The firms that have a greater chance of surviving in this environment are those that already have far shorter and more diversified suppliers with limited Chinese exposure. A savvy operator can’t plan for Black Swan events but can adjust swiftly.
Either way the disruption in the supply chain will be long-term and inflationary across every industry because these dramatically higher costs will inevitably be passed onto consumers enabling firms to at least maintain their market share despite lower margins.
When firms successfully solve the operational and financial challenges they sometimes run into a legal roadblock from their law departments whose job is simple, “To protect [the firm] from themselves.”
In the Wall Street Journal Asia article 21 February 2020, Why Many Businesses Will Be On The Hook for Coronavirus Losses, insurance companies learned their painful lessons [large payouts] from SARS 2002-03. Because they are reluctance to offer coverage for events that are difficult to quantify which is why insurers across the board exclude epidemics/pandemics in standard business-interruption policies.
Even when a contract modification is achieved through negotiated revised pricing and terms & conditions, the insurance policies of counter-parties have a far different perspective and interpretation on risk. The C-suite can make a “business decision” [an internal process to override a recommended course of action] to proceed on shipments without the necessary insurance coverage for the purposes of protecting cash flow and perhaps its survival. Nonetheless they still may face blowback in various forms from their shareholders if the result of the C-suite’s decision goes sideways.
For this reason in the post Covid-19 era firms will create more robust and diverse alternative supply chains thus Chinese manufacturers will permanently have less business even if their costs are competitive.
If the crisis isn’t bad enough there are two immediate scenarios that would send a second shock wave to the markets:
Although a vaccine is being developed and projected to be available this April, its production and distribution will require additional time. But if it’s discovered that Covid-19 has mutated, then another vaccine to combat that each subsequent mutation would have to be developed prolonging the efforts to stop the spread of the virus.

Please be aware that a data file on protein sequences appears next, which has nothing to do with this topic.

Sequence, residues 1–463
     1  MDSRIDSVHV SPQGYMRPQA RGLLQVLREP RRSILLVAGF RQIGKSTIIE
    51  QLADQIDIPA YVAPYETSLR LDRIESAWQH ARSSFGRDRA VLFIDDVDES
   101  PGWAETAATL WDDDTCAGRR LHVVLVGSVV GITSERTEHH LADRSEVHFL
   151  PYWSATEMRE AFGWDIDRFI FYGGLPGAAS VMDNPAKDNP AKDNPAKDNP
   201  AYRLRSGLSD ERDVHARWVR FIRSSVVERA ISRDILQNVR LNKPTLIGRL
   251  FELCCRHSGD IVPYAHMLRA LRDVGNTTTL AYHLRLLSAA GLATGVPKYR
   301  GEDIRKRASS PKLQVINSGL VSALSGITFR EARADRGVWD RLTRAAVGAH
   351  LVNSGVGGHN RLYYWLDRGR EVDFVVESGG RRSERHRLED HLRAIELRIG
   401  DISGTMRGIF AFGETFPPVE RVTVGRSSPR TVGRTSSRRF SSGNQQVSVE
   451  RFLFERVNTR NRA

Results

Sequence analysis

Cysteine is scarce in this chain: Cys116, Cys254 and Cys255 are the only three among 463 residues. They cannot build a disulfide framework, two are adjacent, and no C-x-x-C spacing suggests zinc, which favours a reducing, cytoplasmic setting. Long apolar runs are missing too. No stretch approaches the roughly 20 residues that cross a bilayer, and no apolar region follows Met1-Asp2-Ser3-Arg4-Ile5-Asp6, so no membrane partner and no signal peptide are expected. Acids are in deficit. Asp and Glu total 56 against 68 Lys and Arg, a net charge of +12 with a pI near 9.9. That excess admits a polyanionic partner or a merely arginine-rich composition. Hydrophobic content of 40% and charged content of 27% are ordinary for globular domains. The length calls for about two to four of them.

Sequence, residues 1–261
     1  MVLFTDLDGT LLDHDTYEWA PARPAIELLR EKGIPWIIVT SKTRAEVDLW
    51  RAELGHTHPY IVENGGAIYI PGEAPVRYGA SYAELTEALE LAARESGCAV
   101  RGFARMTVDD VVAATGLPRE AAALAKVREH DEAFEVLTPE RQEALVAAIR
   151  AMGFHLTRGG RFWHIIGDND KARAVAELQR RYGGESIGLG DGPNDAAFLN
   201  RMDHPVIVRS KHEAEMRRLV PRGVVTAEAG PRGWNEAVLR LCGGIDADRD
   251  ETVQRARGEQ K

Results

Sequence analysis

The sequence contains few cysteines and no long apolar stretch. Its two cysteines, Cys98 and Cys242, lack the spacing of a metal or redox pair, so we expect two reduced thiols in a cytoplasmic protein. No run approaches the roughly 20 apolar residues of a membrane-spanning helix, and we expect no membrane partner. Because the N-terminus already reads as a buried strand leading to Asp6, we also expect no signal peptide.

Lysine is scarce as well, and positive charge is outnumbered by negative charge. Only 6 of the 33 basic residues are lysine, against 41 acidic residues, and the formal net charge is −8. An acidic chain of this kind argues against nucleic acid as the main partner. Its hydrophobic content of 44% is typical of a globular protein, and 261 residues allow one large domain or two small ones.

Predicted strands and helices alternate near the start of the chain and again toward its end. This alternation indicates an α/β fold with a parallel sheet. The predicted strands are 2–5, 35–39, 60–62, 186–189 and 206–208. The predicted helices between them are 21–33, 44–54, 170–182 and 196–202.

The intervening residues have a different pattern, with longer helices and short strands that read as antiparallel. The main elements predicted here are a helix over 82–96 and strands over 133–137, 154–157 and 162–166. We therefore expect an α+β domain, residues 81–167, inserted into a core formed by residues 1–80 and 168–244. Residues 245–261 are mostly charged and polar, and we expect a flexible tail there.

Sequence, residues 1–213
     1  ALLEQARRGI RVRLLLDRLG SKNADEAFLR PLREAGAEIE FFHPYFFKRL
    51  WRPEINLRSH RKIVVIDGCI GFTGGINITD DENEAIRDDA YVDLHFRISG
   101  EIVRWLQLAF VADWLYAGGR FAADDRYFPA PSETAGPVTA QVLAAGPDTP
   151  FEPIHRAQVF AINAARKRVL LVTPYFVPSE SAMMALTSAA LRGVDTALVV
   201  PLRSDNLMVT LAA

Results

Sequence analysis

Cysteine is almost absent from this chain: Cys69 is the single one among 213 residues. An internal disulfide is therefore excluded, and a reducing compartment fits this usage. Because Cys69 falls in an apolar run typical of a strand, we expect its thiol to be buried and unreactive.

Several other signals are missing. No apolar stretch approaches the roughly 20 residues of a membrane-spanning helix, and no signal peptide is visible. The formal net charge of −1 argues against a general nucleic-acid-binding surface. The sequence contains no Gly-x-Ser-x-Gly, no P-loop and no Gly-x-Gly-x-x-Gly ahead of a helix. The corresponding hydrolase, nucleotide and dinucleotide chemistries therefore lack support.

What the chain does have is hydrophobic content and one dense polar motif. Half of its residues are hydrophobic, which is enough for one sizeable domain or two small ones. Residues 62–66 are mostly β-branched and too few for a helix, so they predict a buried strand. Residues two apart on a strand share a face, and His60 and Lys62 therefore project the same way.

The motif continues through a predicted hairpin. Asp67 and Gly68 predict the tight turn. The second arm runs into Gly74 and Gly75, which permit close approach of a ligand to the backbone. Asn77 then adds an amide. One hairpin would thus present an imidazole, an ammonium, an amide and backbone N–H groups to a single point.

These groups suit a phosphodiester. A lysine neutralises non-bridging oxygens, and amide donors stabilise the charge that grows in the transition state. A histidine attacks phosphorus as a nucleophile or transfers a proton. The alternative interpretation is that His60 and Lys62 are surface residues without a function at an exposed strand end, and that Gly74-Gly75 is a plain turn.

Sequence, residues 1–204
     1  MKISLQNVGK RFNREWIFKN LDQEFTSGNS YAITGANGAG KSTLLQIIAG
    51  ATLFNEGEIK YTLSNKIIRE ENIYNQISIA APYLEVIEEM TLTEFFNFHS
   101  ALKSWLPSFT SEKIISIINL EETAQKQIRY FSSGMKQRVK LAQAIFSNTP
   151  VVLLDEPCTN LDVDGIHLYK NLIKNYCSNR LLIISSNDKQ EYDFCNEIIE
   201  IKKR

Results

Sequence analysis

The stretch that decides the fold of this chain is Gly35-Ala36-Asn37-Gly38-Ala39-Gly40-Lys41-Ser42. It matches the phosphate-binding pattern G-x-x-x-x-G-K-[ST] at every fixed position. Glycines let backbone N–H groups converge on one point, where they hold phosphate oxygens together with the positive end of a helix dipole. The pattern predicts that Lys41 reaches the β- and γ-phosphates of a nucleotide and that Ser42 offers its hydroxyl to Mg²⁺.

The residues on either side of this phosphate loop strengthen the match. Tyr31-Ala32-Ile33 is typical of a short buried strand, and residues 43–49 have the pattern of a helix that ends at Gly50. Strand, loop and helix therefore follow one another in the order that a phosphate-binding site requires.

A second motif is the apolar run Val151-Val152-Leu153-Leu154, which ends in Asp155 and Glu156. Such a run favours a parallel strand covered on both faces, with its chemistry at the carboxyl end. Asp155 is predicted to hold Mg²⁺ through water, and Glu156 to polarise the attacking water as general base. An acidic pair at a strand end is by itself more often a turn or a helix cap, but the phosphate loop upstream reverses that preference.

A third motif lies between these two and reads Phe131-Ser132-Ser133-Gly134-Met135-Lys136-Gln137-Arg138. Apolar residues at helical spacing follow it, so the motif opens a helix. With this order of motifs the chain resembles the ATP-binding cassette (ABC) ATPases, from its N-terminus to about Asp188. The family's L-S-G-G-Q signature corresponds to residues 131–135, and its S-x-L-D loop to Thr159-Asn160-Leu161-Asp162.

Even if many firms can restore their supply chains to an acceptable level of functionality, civil unrest can undo those efforts. This can take the form of laid off workers from bankrupt firms or protests over governmental incompetence at providing medical care.
As stated in my earlier SA articles on the impacts of Covid-19, for all the aforementioned reasons I’m bearish not only on firms operating in the Chinese market but foreign firms that rely heavily on Chinese tourism to their respective countries particularly the luxury market and supporting industries such as air travel and hospitality.
Additionally investors should consider potential short plays in specific sectors and/or a broad-based approach such as the China economic & investment index (MSCI China Index).
Finally seek investment safety in precious metals such as gold (iShares Gold Trust - IAU) and short-term US government securities such as Federate US government securities (FSGIX).
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Disclosure: I am/we are long IAU. I wrote this article myself, and it expresses my own opinions. I am not receiving compensation for it (other than from Seeking Alpha). I have no business relationship with any company whose stock is mentioned in this article.